(urth) "Wolfer" and "The Eleventh City"

Roy C. Lackey rclackey at stic.net
Sat Feb 9 22:25:34 PST 2008


I can't answer many of your questions, but I dislike seeing honest,
thoughtful queries such as yours about two stories that have not been
discussed here before be ignored. These two stories are obviously religious
in theme and I hate to get into religious matters because little good ever
comes of it, but it can't be helped.

John Barach wrote:
[. . .]
>* What's the significance of Janet's divorce and return to her maiden
>Are there any hints of what her married name might have been?   (I don't
>think so.)  Is the divorce and all the stuff related to it --  e.g., having
>borrow the SUV from her ex-husband -- more or less  irrelevant?  If so, why
>they there at all?  They make the story  longer, but do they add anything
>it?  Why couldn't Janet herself have  been single or married or (at any
rate) an
>SUV owner herself?  Why does she  have to borrow it from her husband?
>the significance of her being  divorced?

I think the scene with her ex-husband is there to show her timorousness at
the beginning of the story, which contrasts with her overaggressive and
assertive nature by the end of it. She goes from little lap-dog to

>* What's the howling that Janet hears?  Wolves, obviously, but what's  it

_The Call of the Wild_?

>* Are we to take the various things that Kyoto and Wasabe and the wolves
>as Janet's own projections?  Or are we to believe that they really do
>communicate to her?

I *think* they were her own projections. The animal talk is never in quotes
until the last page of the story, after her vision. Why the dogs' speech
should become more "real" then, I don't know, unless they too have somehow
been transformed by the vision and new-found dedication to walk on the wild

>* Is there any significance to "Suicide Road"?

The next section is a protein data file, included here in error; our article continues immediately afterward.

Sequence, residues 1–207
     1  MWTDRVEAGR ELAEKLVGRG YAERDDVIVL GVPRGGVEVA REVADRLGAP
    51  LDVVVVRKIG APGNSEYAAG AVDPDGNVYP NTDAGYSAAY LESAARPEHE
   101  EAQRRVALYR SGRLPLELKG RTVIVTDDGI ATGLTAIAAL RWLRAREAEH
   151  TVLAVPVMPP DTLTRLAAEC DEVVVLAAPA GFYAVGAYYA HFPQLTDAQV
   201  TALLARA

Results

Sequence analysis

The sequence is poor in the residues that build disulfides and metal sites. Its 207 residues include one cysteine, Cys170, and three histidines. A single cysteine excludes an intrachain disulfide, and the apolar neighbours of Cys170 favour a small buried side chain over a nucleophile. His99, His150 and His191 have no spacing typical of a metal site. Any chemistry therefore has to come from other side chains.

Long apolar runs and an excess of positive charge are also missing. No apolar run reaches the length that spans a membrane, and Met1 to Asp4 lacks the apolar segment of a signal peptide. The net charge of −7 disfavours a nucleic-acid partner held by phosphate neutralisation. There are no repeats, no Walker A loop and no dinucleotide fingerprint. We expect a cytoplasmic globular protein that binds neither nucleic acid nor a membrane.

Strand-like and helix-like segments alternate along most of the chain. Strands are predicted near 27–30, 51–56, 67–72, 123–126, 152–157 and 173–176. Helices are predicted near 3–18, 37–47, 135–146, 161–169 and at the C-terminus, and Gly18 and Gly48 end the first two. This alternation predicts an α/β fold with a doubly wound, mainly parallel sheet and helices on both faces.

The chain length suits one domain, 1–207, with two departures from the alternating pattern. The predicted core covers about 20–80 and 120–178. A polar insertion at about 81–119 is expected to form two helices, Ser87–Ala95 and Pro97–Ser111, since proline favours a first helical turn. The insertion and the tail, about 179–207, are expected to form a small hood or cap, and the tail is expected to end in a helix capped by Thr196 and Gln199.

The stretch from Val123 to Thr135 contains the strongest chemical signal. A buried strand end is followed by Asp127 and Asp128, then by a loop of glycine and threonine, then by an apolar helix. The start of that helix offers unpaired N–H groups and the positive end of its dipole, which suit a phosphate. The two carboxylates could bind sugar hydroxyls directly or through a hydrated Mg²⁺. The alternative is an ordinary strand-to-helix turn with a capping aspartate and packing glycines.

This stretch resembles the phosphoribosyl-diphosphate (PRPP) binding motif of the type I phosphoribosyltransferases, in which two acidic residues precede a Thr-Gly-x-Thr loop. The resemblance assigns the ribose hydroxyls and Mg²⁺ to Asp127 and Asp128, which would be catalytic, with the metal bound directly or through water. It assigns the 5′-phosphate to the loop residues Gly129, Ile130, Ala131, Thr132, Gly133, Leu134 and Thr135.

>* Why does Jerry Baumgarten simply let her go?

He sympathizes with her cause.

>* What's the vision all about at the end?

The man in white is surely Jesus, as you suspected. I don't understand
Kipling's poem ("The Only Son", the opening and concluding lines of which
bracket the story) any better than I do the story. If I did, I might be able
to say more about the story. But I think it's safe to say that the poem and
story are related, however loosely.

>* What's the significance of the title?  It clearly refers to the  passage
>from the Gospel of Mark which Cooper quotes in his letter.  The man  who
had the
>legion of demons (which were cast into the swine) then proclaimed  what
>had done in "Ten Cities" (which is the region of Decapolis, across  the Sea
>of Galilee from the region of Galilee).
>Those were "ten cities," but the title refers to an "eleventh."  Which  is
>it?  The city where Cooper is?  If so, what's the  significance?

I don't know the significance, but I think the eleventh city is indeed the
town he was writing from, San Marcos del Lago, pointing back to the Gospel
of Mark and the Sea of Galilee.

>I suppose
>Cooper is "publishing" (the word for proclamation  used in the version
>quotes) the news of another exorcism wrought by  Jesus, by means of the
>sacrament, in this letter to an eleventh city,  Lincoln, Nebraska, and he's
>asking whether he ought to publish this account in  his book.

I'm not so sure Jesus should be credited with sending the demons from the
ghost-pig into a human woman, no matter how loose her virtue. The "blessed
sacrament" was obtained fraudulently and used by a witch to undo what Jesus
had done. That can't be a good thing. <g>


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